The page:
A Gal in Green by Rikki Patterson

A Gal in Green by Rikki Patterson

I filled my lungs with the sweet scent of eucalyptus that wafted in the open windows of the Land Cruiser. Rain had fallen overnight, dampening the dust on the roads, making it easier to breathe today. Our destination was a clean water project in the community of Kashaso, which was high up in the Ethiopian Highlands. Construction on the spring cap and reservoir had begun two weeks ago.

 

"Ferenge! Ferenge!" came the shouts of passers-by as we rounded a corner and entered a village. With the exception of local bus transportation, vehicles were rare, and white people even more so. I’d been in the country three days now and was accustomed to the pointing, staring and shouting from locals, mainly children.

 

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We continued past the village and up the hills, the Land Cruiser's transmission complaining at the steep inclines. On one corner we stopped to allow six children, three girls carrying large bundles of sticks and leaves on their backs and three boys running with them, to scramble off to the side. Curious, the children gathered around the vehicle and peered inside. I raised my camera and two of the girls placed their hands on their hips, fashion-model style and smiled.

 

Several kilometers and another village later, we rounded a corner in the road and the treed landscape opened up to bare, grassy hills. We stopped in front of a circular concrete pad with rebar protruding from its edges. When complete, the pad would hold a reservoir for water being piped down from the capped spring above. Mounds of sand, gravel and rebar lay beside mats and stacks of straw mats and pipes, needed to complete the project, lay close in wait. The connected ribbon of pipe would carry clean water from the reservoir to the community below.

 

I watched two men installing a rebar grid while a few others supervised.

 

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I was told we’d walk to the construction site about a kilometer up the hill. As we walked, I noticed the sky was cloudier than the day before, and the air was slightly cooler, but less than 100 meters up the hill I could feel sweat dripping down my back and my clothes sticking. I stifled a giggle when our guide donned a black, down jacket.

 

The small flowers and moss hummocks growing on the hill were different than the alpine I was accustomed to walking through back in Canada. There, we picked our way through scrubby fir trees, while here, we dodged waist-high thorn bushes. And instead of bears, moose or elk, cattle and sheep wandered about.

 

We stopped at the edge of a ravine overlooking the construction site. Three walls of the concrete and stone enclosure were finished, and a trench had been dug for the final wall. Two men fitted concrete forms into a trench while a third bailed spring water flowing from the hillside. Like the first site, piles of stone, sand and gravel stood ready to be used.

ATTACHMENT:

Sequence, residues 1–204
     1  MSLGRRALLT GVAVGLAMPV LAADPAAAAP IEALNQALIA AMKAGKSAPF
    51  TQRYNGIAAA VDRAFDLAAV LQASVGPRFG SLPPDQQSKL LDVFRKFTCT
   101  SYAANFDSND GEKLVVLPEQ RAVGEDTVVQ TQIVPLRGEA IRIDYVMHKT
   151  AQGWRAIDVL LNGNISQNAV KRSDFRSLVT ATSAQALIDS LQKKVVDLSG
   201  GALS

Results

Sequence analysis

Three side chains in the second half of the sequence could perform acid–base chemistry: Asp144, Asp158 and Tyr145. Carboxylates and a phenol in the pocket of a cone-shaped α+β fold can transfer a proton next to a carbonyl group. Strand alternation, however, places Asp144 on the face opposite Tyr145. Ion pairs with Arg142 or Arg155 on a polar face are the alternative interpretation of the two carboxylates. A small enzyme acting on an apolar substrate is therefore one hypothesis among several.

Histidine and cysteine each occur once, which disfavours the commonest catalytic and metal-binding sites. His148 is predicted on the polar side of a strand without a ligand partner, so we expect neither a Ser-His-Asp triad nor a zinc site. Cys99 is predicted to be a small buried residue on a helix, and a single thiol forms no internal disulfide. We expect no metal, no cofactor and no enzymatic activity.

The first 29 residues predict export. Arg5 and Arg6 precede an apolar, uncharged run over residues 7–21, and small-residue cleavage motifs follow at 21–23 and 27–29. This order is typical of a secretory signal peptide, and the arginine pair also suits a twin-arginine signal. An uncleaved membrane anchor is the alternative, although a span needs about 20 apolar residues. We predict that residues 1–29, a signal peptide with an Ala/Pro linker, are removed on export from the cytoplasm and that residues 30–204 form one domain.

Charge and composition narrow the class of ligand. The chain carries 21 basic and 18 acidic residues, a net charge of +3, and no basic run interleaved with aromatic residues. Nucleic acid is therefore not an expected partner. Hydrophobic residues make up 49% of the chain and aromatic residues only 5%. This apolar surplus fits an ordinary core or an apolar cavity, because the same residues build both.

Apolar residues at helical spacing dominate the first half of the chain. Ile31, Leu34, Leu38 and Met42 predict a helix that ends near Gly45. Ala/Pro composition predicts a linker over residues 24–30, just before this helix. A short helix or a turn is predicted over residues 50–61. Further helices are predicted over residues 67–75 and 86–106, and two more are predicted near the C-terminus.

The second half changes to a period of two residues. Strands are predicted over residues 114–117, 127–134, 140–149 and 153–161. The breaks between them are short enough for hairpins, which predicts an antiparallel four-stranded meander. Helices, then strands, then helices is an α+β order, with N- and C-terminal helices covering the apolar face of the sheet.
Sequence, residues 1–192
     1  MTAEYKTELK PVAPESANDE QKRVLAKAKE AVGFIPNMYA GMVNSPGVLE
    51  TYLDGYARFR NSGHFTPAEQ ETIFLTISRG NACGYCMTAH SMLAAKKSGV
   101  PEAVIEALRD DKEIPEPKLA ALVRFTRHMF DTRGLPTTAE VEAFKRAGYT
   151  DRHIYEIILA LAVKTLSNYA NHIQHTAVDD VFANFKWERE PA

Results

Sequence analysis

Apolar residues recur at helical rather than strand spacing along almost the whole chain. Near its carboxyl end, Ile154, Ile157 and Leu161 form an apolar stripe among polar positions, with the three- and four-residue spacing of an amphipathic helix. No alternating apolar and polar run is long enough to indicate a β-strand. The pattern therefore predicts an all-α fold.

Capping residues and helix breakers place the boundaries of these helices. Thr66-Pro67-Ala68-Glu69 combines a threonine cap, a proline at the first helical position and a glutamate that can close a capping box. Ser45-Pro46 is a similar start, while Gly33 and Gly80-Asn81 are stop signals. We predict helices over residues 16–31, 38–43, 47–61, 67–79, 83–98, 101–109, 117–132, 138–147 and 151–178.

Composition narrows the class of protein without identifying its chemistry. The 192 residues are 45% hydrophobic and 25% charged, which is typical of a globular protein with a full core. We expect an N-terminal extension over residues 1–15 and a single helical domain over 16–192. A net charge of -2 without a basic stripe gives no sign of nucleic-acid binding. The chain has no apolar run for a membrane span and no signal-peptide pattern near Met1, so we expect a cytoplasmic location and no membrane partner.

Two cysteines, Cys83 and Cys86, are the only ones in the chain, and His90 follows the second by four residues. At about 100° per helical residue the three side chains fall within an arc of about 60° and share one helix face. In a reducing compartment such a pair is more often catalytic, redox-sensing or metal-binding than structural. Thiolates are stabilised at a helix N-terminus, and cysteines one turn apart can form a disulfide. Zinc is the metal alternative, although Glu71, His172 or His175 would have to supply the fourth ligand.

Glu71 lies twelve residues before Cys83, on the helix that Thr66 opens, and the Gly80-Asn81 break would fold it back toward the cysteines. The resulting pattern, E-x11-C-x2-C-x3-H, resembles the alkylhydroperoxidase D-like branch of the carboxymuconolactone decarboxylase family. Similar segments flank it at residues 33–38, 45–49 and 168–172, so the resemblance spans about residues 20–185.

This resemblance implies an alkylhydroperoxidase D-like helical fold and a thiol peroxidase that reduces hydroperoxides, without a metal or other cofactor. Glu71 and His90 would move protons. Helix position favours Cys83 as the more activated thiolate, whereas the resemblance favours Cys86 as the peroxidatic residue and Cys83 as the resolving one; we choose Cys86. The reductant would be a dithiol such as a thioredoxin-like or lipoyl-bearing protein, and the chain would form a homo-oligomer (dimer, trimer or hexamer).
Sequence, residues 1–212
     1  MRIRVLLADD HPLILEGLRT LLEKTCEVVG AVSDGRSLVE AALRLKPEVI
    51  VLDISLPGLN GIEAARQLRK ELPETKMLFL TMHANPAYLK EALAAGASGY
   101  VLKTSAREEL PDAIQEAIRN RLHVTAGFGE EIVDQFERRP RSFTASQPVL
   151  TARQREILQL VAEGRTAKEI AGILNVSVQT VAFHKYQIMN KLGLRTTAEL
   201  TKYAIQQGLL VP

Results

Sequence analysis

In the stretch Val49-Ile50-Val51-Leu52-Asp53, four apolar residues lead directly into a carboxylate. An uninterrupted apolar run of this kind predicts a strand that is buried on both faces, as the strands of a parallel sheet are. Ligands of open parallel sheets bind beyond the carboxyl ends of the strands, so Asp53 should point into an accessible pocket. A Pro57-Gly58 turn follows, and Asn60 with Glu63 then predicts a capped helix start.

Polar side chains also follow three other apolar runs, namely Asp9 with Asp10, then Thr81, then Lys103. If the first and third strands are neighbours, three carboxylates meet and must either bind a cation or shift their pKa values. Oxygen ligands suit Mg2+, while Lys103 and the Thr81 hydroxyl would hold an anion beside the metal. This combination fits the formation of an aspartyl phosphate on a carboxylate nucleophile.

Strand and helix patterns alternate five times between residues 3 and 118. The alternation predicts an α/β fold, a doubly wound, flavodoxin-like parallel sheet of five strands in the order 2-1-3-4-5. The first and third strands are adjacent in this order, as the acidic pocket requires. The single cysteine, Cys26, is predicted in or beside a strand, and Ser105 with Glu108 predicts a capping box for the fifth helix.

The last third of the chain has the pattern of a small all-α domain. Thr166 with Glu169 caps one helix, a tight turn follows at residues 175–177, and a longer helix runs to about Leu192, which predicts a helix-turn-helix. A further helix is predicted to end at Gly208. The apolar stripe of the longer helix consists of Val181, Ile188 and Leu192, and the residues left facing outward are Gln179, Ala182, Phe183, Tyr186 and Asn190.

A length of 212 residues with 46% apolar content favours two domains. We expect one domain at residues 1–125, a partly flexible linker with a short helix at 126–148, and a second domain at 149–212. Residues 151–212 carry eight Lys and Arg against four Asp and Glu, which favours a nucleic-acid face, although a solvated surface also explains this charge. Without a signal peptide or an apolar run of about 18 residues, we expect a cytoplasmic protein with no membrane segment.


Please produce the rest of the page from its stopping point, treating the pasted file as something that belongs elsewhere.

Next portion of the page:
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Although fewer spectators than on previous days, a group left their huts and fieldwork to gather on the bank to watch. I noticed one boy was missing his left arm and his right hand was wrapped in a blanket.  I couldn’t tell if there was something amiss with that arm too, or if this was how he carried a blanket. Also obvious was that fewer people wore shoes than in Tsayte and many had circular scars on their temples, as if they’d been burned.

 

"What caused the scars on their faces?"

 

"It’s their medicine," the guide replied, "They believe burning the skin next to the eyes heals eye infections, but this practice is discouraged."

 

We sat on a grassy ledge to watch.

 

“When the project is completed, it will include two camped springs and three reservoirs that will provide clean water to 4000 people living in three villages,” our guide added.

 

I photographed mostly the children nearby. One gal, maybe eight years old and dressed in a green skirt, jacket and head scarf, had markings covering her face and her arms and legs were much drier than that of other children.

 

Our guide questioned a local and found the gal was sick but he didn’t know what disease she had.

 

They're just two months away from having clean water,” I thought. “Surely this will help her.”

 

“She’s from a different village,” our guide said after enquiring again. “Her village isn’t scheduled to receive clean water anytime soon.”

 

 

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It was time to go. We hiked down the hill to the reservoir, followed by the group of children. The girl in green and her two friends walked hand-in-hand beside two of my travel companions, and at the vehicles, they didn't want to let us go. After we climbed into the vehicle, I waved to the girl in green, her face now smeared with dirt and tears. The ride back to Arba Minch was silent.

 

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